Saturday, January 28, 2012

The Gat in the Hat

Someone with too much time on his or her hands and access to Twitter asks folks to think up Dr. Seuss crime fiction titles. One Twitterer came up with "I Can Shoot With My Eyes Shut!", for example, and another offered "Horton Heard A Who But Won't Tell The Police Unless He's Put In Witness Protection," while crime writer Wallace Stroby submitted "Son of Sam I Am."

I have a special fondness for two of my own entries. One is "The Gat in the Hat," the other a story about grifts, cons, and inexperienced safe crackers: "Green Yeggs and Scams."

 If you're already on Twitter and not worried about Twitter agreeing to comply with government censorship. go to #SeussCrimeFiction
© Peter Rozovsky 2012

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27 Comments:

Anonymous I.J.Parker said...

:) SON OF SAM I AM. Think of the possibilities of rewriting that.

January 28, 2012  
Blogger Kelly Robinson said...

The Star-Bellied Snitches?

January 28, 2012  
Blogger Peter Rozovsky said...

I.J., one commenter took upon herself to award "Son of Sam I Am" the prise for best title/

January 28, 2012  
Blogger Peter Rozovsky said...

Kelly, the suggestions included "The Snitches and Other Stories" and one I thought was better: "The Scar-Bellied Sneetches."

January 28, 2012  
Blogger seana said...

Tell me more about the craven compliance with censorship and then I'll decide whether to come up with a title.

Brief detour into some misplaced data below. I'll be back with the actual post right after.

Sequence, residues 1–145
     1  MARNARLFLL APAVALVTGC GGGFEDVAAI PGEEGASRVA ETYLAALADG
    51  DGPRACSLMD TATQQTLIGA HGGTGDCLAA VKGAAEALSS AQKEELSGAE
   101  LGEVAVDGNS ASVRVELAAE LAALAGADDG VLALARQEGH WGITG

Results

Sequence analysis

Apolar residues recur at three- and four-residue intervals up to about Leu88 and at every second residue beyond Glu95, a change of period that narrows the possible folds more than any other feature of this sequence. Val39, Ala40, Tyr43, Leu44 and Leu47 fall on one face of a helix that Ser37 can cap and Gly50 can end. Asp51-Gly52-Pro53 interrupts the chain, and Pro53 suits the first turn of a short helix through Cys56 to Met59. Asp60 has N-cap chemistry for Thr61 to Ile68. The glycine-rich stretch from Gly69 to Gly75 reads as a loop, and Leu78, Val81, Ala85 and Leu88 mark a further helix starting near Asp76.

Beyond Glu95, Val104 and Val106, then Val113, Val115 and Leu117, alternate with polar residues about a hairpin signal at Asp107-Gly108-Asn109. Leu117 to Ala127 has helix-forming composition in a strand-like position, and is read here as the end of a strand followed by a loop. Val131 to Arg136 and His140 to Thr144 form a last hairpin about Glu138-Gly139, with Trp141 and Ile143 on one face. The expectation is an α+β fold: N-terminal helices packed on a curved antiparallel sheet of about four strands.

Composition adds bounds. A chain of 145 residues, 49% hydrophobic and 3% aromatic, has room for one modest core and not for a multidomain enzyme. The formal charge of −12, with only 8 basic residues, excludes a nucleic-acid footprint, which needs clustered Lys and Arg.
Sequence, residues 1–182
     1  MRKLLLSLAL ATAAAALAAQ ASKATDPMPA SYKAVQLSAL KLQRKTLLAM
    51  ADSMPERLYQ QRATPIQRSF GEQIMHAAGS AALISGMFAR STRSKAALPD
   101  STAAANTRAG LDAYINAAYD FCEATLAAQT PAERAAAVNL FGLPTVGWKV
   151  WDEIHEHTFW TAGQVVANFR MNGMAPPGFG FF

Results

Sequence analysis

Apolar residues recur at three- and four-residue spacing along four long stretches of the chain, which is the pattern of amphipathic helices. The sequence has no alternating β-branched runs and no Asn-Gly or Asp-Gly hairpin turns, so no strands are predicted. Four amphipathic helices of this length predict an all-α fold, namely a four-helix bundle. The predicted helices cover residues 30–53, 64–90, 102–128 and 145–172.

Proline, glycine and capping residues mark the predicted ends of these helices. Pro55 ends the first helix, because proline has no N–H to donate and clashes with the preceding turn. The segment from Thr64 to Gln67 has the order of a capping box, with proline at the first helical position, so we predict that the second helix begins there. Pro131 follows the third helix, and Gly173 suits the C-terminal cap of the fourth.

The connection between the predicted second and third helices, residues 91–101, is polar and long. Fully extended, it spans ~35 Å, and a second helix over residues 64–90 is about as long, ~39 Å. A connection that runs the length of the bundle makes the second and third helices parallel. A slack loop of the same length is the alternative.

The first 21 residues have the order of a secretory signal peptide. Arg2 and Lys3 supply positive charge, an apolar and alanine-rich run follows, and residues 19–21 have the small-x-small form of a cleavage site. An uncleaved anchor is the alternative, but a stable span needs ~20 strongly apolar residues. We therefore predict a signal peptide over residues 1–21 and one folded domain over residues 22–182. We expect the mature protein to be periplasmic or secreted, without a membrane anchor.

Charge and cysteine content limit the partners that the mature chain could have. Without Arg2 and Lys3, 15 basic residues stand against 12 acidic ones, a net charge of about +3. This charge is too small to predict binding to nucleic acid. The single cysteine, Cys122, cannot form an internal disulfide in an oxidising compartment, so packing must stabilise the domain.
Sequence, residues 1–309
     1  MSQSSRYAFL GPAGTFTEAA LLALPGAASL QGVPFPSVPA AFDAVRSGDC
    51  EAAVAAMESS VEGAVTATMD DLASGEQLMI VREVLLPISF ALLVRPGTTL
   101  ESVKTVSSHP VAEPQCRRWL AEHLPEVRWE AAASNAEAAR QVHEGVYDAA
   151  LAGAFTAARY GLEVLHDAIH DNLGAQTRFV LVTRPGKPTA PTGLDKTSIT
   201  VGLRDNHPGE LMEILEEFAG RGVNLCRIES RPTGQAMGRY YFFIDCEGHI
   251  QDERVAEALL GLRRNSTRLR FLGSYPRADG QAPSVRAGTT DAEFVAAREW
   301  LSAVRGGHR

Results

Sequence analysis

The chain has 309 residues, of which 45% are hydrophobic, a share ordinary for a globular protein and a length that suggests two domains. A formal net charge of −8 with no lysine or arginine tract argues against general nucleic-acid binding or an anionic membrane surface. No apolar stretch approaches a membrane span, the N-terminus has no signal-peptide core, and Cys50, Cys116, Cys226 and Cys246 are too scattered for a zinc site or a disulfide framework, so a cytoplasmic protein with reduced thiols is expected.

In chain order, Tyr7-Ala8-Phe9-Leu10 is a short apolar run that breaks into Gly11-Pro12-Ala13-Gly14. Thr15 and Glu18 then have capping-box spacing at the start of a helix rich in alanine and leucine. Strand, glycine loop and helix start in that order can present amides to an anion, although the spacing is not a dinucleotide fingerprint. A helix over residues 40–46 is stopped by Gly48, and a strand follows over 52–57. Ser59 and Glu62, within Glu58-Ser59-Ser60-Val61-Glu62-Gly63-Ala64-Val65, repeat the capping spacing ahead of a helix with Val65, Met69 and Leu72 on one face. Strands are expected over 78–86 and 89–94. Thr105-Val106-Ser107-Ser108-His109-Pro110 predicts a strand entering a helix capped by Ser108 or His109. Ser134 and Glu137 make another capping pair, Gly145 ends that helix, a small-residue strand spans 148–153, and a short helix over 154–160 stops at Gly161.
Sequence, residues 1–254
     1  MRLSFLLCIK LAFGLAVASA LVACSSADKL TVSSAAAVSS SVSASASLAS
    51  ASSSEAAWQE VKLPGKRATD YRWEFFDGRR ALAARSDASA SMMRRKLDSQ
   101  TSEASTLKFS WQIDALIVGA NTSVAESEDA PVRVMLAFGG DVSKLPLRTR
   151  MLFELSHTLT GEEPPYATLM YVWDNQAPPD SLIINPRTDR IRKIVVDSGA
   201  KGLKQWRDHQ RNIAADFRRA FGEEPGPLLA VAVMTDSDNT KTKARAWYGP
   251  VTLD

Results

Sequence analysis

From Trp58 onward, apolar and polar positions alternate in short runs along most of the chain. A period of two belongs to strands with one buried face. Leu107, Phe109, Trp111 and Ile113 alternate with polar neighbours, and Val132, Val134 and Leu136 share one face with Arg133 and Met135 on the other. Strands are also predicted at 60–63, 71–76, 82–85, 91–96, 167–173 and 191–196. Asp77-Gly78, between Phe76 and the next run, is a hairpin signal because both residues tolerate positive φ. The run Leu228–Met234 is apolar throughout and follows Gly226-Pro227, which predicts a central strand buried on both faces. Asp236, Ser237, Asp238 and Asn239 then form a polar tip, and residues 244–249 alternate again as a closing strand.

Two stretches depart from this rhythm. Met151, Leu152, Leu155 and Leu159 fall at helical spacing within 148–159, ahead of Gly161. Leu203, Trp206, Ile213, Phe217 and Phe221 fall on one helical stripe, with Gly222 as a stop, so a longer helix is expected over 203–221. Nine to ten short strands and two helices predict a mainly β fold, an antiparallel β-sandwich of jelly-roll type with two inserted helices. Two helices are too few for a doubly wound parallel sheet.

January 29, 2012  
Blogger Kelly Robinson said...

Should have read the Tweets. I should have known that would be an obvious riff.

January 29, 2012  
Blogger Peter Rozovsky said...

Seana, here's one story on the subject: http://www.washingtonpost.com/business/technology/twitters-country-specific-censorship-tool-prompts-user-protest/2012/01/27/gIQALWoMVQ_story.html

But here's the day's big media story for me: http://m.nypost.com/p/news/business/hedger_pausing_on_print_9PLBSnWVPgWi88vsBxyEjN

January 29, 2012  
Blogger Peter Rozovsky said...

Yes, Kelly, had you read the tweets, you would have known what we do with sneetches.

January 29, 2012  
Blogger seana said...

Peter, that last link sounds pretty worrying. I have to admit that I can't entirely understand its implications.

As to Twitter, well, I don't think anyone should be surprised that any of these big social networks would do what they deemed expedient.

January 29, 2012  
Blogger Peter Rozovsky said...

The implication is that we are right back where we started a few years ago, though possibly a few steps closer to professional apocalypse.

I don't know the implications of the Twitter decision but yes, this ought to be one more blow to the idiots who believed that Twitter and Facebook were anything but big corporations and would behave as big corporations do.

January 29, 2012  
Anonymous solo said...